Too many Americans, by and large, prefer to be spoon-fed foreign policy in a thick gruel; obediently they open their mouths wide and swallow without any conscious thought as to the ingredients or taste. Just as infants inherently trust their mothers, Americans trust in people with fancy degrees and fancy terminology. Well, this morning I thought it’s time for a short primer on how to think for yourself about foreign policy, without the fancy terminology and without needing to read piles of dusty history books. All you need possess is common sense and an ability to think for yourself. Trust me on this one.
Foreign policy is basic human interaction writ large, so just think about how you get along with other people, how your schoolyard days replete with friends, enemies, cliques, bullies, classroom rules, and of course teachers operated. In the world, several international organizations and powerful countries serve as the teachers – they want to set the classroom rules, educate, monitor, and keep order in the classroom. All the rest of the countries in the world fit into the other categories and each might see itself differently than other countries see it, but the interactions are understandable in simple human terms. You don’t need to understand a lot of fancy terminology or theories, but you need to understand how humans interact.
A couple years ago, I wrote a simple explanation of how to look at foreign policy, in a piece on the Global Zero initiative, a group dedicated to eliminating nuclear weapons by 2030 :
“Let’s talk about people, since the solution to all human problems falls on our shoulders. People always form groups – it’s how we live. Groups always compete and also many groups don’t get along (let’s face it Mr. Rogers Neighborhood, the long-running American TV show to teach kids to be “good neighbors” seems to be the global exception, not the rule). So, let’s look at life in the “Neighborhood of Make Believe”, the imaginary setting in Mr. Rogers Neighborhood for his puppet show segment in each episode. I watched Mr. Rogers Neighborhood for years when my kids were young and unlike many children’s shows, Fred Rogers’ show, highlighted important lessons on the people problems, that carry us further toward finding peaceful solutions than most of the touted geopolitical experts in the world. In the Neighborhood of Make Believe reigned a bullying, irrational, impulsive monarch, King Friday XIII – the worst type of leader to deal with and as his name implies – bad news. Each episode highlighted a different “people problem” and solutions to work out these problems. King Friday never wanted to admit he was wrong, but his calm, more rational wife, Queen Sara Saturday, usually intervened to help resolve the crisis and to calm down King Friday and try to reason with him. Sadly, the Neighborhood of Make Believe mirrors our real world rather closely, except in the real world we don’t have enough level-headed, steady leaders, like Queen Sara Saturday, running things (yes, she made running a group, “Food for the World”, a primary duty).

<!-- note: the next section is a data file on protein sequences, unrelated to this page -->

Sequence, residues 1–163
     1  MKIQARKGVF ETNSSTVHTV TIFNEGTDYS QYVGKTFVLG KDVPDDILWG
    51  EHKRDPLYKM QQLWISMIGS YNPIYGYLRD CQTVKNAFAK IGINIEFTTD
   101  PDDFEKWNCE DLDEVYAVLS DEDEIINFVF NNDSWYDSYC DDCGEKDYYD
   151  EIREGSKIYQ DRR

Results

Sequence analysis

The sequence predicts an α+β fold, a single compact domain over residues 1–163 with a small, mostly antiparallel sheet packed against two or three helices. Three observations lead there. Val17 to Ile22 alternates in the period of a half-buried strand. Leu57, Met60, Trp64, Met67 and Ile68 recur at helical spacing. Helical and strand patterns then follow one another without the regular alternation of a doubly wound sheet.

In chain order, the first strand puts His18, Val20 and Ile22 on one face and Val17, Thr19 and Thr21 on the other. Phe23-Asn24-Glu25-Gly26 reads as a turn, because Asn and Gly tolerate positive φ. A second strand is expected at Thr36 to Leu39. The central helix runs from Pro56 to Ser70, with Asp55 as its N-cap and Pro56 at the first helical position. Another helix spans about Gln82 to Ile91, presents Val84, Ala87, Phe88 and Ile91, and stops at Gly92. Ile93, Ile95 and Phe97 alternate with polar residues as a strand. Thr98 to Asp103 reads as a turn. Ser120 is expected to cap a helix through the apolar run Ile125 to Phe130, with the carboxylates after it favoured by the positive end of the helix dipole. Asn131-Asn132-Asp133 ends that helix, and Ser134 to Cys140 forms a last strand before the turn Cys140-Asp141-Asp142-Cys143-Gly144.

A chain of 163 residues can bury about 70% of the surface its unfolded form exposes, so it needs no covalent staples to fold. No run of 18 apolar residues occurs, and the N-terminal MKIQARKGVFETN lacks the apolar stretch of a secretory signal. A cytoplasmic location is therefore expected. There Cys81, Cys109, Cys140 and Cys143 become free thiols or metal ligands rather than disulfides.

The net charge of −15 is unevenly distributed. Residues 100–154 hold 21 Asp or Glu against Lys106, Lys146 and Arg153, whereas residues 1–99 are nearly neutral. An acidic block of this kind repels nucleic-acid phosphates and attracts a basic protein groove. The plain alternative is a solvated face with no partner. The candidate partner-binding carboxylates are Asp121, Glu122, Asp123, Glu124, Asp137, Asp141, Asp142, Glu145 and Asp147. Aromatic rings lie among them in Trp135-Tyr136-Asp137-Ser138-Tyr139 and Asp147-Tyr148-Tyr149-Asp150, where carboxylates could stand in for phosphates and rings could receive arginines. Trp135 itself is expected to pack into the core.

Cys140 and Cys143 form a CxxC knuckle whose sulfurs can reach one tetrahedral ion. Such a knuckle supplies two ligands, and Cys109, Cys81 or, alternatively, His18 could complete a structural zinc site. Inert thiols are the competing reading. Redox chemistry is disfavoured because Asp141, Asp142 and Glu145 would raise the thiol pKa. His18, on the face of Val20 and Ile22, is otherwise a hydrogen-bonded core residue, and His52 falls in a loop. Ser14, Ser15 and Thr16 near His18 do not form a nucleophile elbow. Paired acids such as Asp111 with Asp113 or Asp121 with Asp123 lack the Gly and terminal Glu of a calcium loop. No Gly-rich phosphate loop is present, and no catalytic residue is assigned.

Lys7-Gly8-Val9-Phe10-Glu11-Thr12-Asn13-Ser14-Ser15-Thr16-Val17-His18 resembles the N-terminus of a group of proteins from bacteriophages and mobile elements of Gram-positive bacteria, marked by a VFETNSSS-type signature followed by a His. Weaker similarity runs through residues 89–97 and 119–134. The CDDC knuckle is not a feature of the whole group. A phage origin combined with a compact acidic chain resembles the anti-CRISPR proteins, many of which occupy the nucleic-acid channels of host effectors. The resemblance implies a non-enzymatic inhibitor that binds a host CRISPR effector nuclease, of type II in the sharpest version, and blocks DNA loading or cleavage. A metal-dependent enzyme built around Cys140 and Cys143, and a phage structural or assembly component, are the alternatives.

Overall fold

King Friday often made impulsive, poorly thought out decisions and it’s leaders like him that pose the challenge on dealing with the nuclear proliferation issue. While King Friday loved to give long-winded speeches (he didn’t own a teleprompter thankfully), he still could be reasoned with, but in the real world we must contend with the threat of nuclear weapons falling into the hands of batshit crazy leaders, who don’t have a Queen Sara Saturday nearby to calm things down.”
Now, going back to the classroom, if everyday a bully told everyone that he was going to beat you up, it might be prudent on your part to first, believe he means you harm, second, be prepared to defend yourself. Would you go and sit at the same lunch table with him and believe he wanted to be your friend or share his cookies with you? Well, that is the Obama/Kerry nuclear weapons talks with Iran in a nutshell. Iranian leaders rant, “Death to America!” and President Obama and John Kerry pretend Iran is trustworthy. Truly, foreign policy experts and politicians like to ramble on about all sorts of other stuff and throw in fancy terminology, but at the end of the day it boils down to Iran means America harm and we shouldn’t trust them.
The second part is about the other thing to consider and that is how to decide on who or what is a “threat” we should be concerned about as a country. We’ve got all sorts of academics pontificating about that, where there’s a strong contingent of them who believe America itself is America’s and the world’s greatest threat. There are others who would like to align America with the worst bullies in the world and form all sorts of new ties. Still others see existential threats in nature itself at every turn, like the climate change hysterics. We also have traditionalists who seek historical examples of American strategic successes and try to parlay those into our present day circumstances.
Now back to that same piece, “Global Zero: Another Nothing-Burger Plan”, I tried to explain how to look at defining “threats”:
“Here’s another one of those home truths that I am so fond of using to make my point. Let’s state what should be obvious, but apparently needs to be driven home once more – any weapon, be it a slingshot or a nuclear weapon, is an inanimate object. Inanimate objects aren’t the problem. Yep, it’s always the people that pose the problem and let’s be more precise here, it’s what’s in the hearts of man that can turn that slingshot or nuclear weapon into a “threat”. We’ve always got to contend with people first and the rest of the inanimate objects truly rank as a secondary issue.”